I’d say trust your gut, and if you’re passionate about something—whatever it is, shooting in a location, flying to Timbuktu to make a film—don’t let anyone tell you that you can’t do it, because you can. And you will probably regret not listening to your gut.


Last Rites of Joe May


Tribeca: What are your hopes for The Last Rites of Joe May at Tribeca?


Joe Maggio: I think it’s a real populist film, and my hope is that once audiences see it, they’re going to fall in love. My hopes are we pack the audiences and people start talking about the movie, and start talking about Dennis, and of course all the actors. But Dennis—he has such a defined character as an actor: when people think of him they think tough, smartass, heavy, but he’s so different in this movie, he goes places where no one would dream he'd ever go.


Tribeca: If you could have dinner with any filmmaker (alive or dead), who would it be?


Joe Maggio: Krzysztof Kieslowski. I would have a dinner party with Kieslowski, John Cassavetes and Fellini.


Tribeca: What piece of art (book/film/music/tv show/what-have-you) are you currently recommending to your friends most often?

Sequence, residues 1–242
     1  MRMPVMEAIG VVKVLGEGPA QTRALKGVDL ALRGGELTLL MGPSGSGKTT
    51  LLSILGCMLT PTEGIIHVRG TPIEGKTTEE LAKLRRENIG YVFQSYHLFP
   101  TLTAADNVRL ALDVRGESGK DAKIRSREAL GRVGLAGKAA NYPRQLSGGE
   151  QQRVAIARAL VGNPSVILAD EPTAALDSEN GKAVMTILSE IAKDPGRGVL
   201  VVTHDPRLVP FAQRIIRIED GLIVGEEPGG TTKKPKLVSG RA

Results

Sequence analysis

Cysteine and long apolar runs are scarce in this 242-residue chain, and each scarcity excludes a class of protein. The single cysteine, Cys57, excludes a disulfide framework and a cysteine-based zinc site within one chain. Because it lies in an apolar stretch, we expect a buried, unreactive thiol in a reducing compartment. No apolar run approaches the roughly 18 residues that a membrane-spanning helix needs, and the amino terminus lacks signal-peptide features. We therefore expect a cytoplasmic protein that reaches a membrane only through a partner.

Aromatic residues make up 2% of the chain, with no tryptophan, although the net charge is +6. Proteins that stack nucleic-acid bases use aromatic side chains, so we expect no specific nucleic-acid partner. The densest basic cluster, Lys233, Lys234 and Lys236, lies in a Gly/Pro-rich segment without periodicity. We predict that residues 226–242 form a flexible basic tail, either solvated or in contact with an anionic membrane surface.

Joe Maggio: The movie Dogtooth, which I thought was extraordinary. It just blew me away. It’s beautiful to look at, though they didn’t spend millions. It’s so beautifully composed, [with] some of the best acting I’ve seen in a long time. It’s disturbing, but it’s funny.


I always say I’m not going to be rushed, I’m going to tell a very specific story of someone going from point A to point B. I’m not going to cut things out, and I’m not going to add montage, ‘cause I hate it. If something takes x amount of minutes, I’ll do it. And then you chicken out—someone always convinces you it’s not working. But you can tell they didn’t do that in Dogtooth. It is so specific from beginning to end, it’s so engaging. You’re so sucked it into this universe. It’s just beautiful.


Tribeca: What makes The Last Rites of Joe May a must-see?


Joe Maggio: I think Joe May is the kind of film you rarely see anymore. It’s got an incredibly simple but compelling story, fantastic acting, and it will leave you absolutely crushed, and you’ll be thinking about this movie for weeks.


The Last Rites of Joe May is now available on demand across the country via Tribeca Film VOD. The film will also open November 25 at the Gene Siskel Film Center in Chicago. Find the platform that's right for you.